This is the kerygma, the heart of the gospel, Paul preached.  This Good News cannot be chained up as Paul said.  He was “chained like a criminal – but they cannot chain up God’s news.”  If we have encountered this Good News for ourselves, then we will not chain up the Good News and keep it hidden from others.  If we do, it simply means it is not such great news and does not give hope and life to others.  As a result, we get involved in all kinds of speculation and ideas about God and His commandments.  Paul warned us, “that there is to be no wrangling about words: all that this ever achieves is the destruction of those who are listening.”   Such theological speculations make us doubt the reality of Jesus as our Lord.  

However, if we are so filled and touched by His love, we will be like St Paul who did not want to do anything else except to announce this Good News.  What he had received, he wanted to impart to us all because he loved us as much as God loves us.  Hence, he wrote, “I bear it all for the sake of those who are chosen, so that in the end they may have the salvation that is in Christ Jesus and the eternal glory that comes with it.”  Indeed, we would give our lives for the announcement of the Good News to all, because we love God and love our brothers and sisters in Him.   St Paul urges us, “Do all you can to present yourself in front of God as a man who has come through his trials, and a man who has no cause to be ashamed of his life’s work and has kept a straight course with the message of the truth.”   So let us not be ashamed of the gospel and keep our focus on the power of the crucified and Risen Lord.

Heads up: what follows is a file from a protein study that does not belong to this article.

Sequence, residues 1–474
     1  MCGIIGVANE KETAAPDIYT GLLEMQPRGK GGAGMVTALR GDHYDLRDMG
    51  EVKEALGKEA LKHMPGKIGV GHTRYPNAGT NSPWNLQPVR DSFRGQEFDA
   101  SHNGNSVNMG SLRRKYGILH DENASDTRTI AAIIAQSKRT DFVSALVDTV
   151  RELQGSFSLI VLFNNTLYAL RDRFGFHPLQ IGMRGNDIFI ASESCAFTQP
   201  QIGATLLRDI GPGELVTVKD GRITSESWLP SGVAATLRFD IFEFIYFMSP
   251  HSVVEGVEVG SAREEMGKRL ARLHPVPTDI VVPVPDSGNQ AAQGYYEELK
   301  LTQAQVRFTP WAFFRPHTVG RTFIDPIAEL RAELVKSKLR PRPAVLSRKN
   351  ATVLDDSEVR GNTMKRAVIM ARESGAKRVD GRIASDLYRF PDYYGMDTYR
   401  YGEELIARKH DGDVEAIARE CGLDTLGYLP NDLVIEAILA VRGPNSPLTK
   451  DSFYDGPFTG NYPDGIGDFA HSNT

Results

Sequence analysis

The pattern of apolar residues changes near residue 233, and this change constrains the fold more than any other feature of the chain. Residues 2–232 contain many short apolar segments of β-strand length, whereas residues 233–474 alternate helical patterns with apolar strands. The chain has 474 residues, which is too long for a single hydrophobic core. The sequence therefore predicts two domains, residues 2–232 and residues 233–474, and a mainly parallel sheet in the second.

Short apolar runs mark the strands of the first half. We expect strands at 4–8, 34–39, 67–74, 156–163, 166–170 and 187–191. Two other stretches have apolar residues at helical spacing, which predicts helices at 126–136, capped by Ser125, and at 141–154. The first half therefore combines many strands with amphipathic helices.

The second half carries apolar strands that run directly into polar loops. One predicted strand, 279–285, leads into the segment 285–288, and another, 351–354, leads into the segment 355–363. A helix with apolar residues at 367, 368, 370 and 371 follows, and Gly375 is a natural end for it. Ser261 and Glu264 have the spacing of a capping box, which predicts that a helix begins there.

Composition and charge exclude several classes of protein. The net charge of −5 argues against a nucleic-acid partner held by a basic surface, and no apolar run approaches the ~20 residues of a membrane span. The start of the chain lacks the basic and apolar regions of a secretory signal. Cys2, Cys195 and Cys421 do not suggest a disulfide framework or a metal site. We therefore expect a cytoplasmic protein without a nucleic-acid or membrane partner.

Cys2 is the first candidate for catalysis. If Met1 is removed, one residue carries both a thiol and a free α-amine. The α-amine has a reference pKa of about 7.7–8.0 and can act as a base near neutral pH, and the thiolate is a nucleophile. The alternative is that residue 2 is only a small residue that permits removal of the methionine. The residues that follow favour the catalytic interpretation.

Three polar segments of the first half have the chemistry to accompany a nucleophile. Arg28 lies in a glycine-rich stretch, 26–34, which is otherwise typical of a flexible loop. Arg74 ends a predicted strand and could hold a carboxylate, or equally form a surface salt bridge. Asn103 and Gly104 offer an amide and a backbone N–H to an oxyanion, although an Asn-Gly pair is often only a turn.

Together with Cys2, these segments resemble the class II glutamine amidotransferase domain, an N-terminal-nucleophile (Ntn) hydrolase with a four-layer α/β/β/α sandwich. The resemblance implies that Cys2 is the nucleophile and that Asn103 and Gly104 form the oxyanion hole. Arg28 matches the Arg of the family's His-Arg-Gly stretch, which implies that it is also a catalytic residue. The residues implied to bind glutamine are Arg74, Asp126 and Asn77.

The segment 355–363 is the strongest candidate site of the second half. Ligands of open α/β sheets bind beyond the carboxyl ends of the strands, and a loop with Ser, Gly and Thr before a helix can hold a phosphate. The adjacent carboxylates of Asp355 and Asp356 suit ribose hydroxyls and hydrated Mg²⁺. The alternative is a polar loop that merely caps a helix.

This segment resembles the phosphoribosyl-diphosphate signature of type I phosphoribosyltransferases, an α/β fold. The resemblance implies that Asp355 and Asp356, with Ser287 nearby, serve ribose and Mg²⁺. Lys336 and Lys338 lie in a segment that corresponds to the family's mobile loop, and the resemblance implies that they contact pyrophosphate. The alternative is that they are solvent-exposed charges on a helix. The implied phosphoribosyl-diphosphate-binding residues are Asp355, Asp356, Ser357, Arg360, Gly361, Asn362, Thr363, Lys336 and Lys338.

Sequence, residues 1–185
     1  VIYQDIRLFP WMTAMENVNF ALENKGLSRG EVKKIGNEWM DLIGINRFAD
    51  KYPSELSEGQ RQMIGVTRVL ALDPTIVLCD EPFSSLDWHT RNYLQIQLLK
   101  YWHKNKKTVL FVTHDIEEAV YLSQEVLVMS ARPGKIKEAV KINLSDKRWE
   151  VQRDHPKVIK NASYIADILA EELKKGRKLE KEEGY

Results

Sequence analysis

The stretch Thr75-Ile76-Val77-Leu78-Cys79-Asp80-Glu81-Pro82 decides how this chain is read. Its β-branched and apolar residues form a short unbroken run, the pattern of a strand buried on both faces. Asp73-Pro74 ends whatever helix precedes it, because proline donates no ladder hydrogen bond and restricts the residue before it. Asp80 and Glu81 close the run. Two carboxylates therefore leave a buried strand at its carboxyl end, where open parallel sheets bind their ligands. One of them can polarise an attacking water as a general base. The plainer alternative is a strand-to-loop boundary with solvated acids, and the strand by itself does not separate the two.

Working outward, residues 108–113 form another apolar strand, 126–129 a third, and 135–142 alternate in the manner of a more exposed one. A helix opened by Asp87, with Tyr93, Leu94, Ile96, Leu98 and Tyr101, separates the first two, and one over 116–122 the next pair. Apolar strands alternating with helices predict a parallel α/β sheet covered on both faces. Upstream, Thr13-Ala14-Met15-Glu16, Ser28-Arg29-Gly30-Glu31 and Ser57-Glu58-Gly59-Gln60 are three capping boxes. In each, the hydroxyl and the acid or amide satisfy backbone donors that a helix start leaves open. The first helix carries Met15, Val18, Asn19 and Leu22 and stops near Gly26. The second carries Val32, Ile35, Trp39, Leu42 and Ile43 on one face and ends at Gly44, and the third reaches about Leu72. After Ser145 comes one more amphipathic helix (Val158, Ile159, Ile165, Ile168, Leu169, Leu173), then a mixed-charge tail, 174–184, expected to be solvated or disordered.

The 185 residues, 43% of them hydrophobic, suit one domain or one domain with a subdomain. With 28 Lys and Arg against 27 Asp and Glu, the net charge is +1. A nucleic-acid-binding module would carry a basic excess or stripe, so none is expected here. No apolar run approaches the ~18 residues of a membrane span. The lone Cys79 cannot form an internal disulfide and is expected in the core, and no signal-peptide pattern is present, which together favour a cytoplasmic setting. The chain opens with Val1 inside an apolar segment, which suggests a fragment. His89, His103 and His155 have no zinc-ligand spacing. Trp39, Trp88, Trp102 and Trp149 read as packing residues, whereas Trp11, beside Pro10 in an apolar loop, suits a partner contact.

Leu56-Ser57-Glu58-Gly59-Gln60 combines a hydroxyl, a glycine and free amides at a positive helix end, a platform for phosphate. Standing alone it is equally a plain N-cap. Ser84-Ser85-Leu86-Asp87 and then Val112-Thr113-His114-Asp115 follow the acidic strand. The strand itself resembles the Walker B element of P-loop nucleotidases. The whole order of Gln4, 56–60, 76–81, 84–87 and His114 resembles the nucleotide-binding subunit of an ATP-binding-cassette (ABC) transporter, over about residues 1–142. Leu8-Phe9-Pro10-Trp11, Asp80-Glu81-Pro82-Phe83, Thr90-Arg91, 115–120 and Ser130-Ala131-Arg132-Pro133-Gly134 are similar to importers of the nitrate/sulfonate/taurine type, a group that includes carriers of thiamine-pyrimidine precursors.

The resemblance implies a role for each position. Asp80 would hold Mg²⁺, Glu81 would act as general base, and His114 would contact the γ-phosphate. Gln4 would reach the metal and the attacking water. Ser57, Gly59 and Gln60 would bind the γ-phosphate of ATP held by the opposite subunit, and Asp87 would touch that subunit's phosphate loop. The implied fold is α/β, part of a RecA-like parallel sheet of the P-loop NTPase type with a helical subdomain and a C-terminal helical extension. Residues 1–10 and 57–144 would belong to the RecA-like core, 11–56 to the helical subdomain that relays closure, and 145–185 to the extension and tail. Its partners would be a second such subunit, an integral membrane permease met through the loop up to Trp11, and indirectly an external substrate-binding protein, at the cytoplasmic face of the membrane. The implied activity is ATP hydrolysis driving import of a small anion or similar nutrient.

Written by The Most Rev William Goh, Roman Catholic Archbishop of Singapore © All Rights Reserved


Best Practices for Using the Daily Scripture Reflections
  • Encounter God through the spirit of prayer and the scripture by reflecting and praying the Word of God daily. The purpose is to bring you to prayer and to a deeper union with the Lord on the level of the heart.
  • Daily reflections when archived will lead many to accumulate all the reflections of the week and pray in one sitting. This will compromise your capacity to enter deeply into the Word of God, as the tendency is to read for knowledge rather than a prayerful reading of the Word for the purpose of developing a personal and affective relationship with the Lord.
  • It is more important to pray deeply, not read widely. The current reflections of the day would be more than sufficient for anyone who wants to pray deeply and be led into an intimacy with the Lord.